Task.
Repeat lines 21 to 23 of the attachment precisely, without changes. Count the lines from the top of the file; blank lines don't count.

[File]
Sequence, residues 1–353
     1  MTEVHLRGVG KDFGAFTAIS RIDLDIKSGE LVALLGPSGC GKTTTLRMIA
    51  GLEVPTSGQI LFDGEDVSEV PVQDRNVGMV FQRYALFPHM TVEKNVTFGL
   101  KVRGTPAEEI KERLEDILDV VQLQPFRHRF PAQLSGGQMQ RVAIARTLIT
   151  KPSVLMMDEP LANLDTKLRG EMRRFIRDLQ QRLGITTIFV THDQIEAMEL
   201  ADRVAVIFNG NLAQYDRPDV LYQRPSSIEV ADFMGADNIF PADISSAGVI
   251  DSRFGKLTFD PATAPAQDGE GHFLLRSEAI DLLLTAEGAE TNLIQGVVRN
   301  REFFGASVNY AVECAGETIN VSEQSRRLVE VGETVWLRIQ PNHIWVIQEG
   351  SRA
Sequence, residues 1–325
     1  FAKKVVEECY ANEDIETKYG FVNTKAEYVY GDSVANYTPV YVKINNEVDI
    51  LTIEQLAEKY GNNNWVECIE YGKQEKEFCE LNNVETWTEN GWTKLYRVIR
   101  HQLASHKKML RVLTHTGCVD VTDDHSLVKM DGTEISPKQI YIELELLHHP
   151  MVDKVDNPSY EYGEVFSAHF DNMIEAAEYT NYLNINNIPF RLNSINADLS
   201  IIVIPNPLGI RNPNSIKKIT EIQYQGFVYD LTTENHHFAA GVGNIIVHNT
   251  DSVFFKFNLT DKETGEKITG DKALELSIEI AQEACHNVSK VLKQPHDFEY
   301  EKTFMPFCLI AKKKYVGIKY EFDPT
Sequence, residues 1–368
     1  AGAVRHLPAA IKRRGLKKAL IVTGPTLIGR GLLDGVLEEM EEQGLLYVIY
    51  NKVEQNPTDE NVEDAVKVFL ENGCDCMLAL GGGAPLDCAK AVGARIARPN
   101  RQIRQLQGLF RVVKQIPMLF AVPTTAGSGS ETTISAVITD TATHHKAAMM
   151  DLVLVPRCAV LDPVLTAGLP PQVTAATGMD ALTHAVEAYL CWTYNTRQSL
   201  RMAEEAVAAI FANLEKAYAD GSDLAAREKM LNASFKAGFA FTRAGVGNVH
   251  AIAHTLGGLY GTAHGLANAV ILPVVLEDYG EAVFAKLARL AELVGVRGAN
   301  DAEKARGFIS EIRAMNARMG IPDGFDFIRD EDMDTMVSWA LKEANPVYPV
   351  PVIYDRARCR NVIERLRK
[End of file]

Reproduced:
   101  RQIRQLQGLF RVVKQIPMLF AVPTTAGSGS ETTISAVITD TATHHKAAMM
   151  DLVLVPRCAV LDPVLTAGLP PQVTAATGMD ALTHAVEAYL CWTYNTRQSL
   201  RMAEEAVAAI FANLEKAYAD GSDLAAREKM LNASFKAGFA FTRAGVGNVH